W. MI aid worker to Cuba: Castro leaves complex legacy

Marc Bohland speaking to 24 Hour News 8 on Saturday, Nov. 26, 2016.

GRAND RAPIDS, Mich. (WOOD) — While the world measures the impact of the loss of an iconic world figure, a Grand Rapids man has a much more personal point of view.

Marc Bohland, a surgical resource coordinator at Holland Hospital, first went to Cuba in 1999 to help provide medical care to people in a small village.

Since that time he has made more than 100 trips to the island nation after starting the nonprofit relief group “First-Hand Aid” where he has unique connections — and unique insight into the events unfolding there now.

24 Hour News 8 traveled with Bohland to Cuba several years ago.

Marc Bohland says the last few months have been a time of tumult for Cuba — starting with the surprise decision by President Barack Obama to ease the half century-old embargo, then there was the election of Donald Trump and now the death of the man whose name and life is synonymous with the country itself.

“Many Cubans believed that once Fidel was gone that was the beginning of the end of an era,” Bohland said.

Despite the fact that Castro’s brother, Raul, has been in charge for many years, there was a belief that the revolutionary still pulled the strings.

And while all recognize the brutal repression of his regime, he also is credited with creating a higher standard of living, education and health care for Cuba than for most in neighboring countries.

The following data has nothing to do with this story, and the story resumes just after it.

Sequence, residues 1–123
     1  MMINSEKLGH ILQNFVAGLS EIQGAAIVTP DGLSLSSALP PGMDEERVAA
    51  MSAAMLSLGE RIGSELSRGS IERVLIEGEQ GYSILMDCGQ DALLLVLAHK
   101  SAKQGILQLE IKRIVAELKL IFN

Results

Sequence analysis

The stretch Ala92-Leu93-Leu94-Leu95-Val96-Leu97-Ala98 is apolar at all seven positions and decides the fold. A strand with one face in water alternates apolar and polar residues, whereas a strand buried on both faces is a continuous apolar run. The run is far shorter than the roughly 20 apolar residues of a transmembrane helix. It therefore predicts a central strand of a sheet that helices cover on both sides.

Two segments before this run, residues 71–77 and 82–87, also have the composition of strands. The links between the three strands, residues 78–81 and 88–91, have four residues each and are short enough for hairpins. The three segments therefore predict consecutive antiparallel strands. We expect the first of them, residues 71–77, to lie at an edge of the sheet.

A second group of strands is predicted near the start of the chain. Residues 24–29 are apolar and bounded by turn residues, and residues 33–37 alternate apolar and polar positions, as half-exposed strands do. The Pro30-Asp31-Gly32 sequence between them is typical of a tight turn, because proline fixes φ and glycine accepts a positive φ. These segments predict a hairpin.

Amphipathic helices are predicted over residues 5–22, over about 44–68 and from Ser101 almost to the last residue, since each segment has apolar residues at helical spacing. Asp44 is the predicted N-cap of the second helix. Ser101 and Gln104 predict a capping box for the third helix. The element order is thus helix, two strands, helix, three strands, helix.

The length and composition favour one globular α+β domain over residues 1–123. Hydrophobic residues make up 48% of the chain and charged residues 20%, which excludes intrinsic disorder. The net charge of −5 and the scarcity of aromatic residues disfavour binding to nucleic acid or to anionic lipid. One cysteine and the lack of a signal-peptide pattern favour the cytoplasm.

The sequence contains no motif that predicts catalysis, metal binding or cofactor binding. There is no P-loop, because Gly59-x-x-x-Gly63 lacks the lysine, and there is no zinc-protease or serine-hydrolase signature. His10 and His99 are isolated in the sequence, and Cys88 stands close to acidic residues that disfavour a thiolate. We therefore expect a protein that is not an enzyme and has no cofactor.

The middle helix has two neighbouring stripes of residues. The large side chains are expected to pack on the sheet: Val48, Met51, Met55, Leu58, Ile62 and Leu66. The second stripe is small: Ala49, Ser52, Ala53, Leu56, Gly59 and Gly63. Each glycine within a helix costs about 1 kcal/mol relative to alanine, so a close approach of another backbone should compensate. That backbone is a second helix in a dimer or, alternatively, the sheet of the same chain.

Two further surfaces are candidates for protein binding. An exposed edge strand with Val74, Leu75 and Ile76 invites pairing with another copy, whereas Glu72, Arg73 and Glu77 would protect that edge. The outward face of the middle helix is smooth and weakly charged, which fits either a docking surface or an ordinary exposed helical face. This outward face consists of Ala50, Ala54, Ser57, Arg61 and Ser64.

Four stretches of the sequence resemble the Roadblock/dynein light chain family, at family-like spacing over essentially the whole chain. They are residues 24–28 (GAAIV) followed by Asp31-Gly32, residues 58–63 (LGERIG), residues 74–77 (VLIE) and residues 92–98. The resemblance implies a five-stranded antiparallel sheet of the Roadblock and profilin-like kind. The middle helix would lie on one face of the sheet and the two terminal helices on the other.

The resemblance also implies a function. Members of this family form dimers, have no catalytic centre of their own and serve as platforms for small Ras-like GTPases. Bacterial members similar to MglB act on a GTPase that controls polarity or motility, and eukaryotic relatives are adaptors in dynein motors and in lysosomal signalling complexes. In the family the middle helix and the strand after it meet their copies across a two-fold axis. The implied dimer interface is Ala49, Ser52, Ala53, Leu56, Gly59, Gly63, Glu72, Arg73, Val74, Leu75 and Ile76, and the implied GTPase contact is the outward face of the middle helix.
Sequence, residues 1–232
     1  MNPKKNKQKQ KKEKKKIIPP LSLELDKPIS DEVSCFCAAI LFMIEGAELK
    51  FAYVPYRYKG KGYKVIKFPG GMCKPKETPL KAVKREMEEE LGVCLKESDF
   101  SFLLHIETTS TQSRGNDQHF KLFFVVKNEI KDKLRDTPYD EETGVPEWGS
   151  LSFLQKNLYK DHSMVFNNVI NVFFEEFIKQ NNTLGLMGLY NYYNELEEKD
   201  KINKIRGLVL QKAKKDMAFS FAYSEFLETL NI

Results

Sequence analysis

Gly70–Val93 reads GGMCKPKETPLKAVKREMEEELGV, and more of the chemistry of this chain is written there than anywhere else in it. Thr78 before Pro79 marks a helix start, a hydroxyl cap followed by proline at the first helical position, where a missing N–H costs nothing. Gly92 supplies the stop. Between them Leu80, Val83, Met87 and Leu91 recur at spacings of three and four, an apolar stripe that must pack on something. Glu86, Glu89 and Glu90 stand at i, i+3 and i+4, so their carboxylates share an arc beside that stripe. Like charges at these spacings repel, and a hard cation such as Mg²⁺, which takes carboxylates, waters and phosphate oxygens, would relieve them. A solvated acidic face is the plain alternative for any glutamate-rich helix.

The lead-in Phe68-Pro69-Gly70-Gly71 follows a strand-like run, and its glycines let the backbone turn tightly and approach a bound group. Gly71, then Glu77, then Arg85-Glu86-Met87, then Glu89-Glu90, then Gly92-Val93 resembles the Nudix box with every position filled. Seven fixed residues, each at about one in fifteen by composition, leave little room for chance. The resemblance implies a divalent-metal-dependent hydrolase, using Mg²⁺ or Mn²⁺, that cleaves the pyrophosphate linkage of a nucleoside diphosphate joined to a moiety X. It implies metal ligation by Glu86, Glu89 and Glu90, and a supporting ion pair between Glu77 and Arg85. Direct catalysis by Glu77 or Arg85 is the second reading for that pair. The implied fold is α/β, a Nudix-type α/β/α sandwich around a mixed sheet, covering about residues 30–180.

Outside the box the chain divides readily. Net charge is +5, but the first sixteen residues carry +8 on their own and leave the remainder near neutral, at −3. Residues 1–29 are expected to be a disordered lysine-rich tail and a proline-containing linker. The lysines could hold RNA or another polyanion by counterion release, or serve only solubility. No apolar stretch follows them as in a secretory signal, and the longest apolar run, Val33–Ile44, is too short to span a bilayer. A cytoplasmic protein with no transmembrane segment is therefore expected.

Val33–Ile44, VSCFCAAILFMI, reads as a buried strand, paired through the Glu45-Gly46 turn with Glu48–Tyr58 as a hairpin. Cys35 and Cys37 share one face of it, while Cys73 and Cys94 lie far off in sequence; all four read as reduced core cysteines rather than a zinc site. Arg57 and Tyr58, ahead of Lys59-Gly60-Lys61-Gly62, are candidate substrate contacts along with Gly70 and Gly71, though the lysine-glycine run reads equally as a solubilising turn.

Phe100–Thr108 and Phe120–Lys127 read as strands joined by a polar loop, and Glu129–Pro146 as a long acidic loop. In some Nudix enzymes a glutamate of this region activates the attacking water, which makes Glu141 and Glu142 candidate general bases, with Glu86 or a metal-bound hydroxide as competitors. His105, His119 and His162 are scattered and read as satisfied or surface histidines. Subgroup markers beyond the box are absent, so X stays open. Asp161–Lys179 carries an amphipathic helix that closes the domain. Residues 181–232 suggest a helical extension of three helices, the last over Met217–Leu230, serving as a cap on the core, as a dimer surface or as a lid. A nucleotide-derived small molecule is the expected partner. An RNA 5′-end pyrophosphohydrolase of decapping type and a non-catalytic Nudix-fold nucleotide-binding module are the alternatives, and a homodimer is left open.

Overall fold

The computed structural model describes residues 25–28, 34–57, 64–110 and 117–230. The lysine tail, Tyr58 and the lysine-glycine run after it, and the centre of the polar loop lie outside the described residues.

“There is a whole other set of Cubans who are what we call ‘Fidelistas’ – not necessarily married to the Communist government but big fans of Fidel, they believe he did great things for Cuba, so I’m sure is a great sorrow on their part,” Bohland said.

Fidel Castro shown in 1959. No other identification given. (AP Photo)
Fidel Castro shown in 1959. No other identification given. (AP Photo)

Bohland said with another Castro and his Communist Party still in charge, things will likely not change right away.

“Any kind of celebration over his death in Cuba would be squashed immediately. There’s probably a large military and police presence on the street today,” Bohland said.

Bohland said Cuba was not ready for the influx of European and now American tourists that have been flocking to Cuba to see it before there is a Starbucks on every corner.

He said this has not meant there are more resources for the residents of Cuba.

“What I’ve seen in the last six months to a year is actually just the opposite, the Cuban people suffering just a little more as Cuba tries to make these tourists comfortable and happy and have them have a good impression of Cuba,” Bohland said

Over time it is hoped that the benefits will trickle down from the government and the moneyed interests who will control the new development.

But until that time, Bohland says organizations like his are needed more than ever. He plans to return to Cuba early in 2017.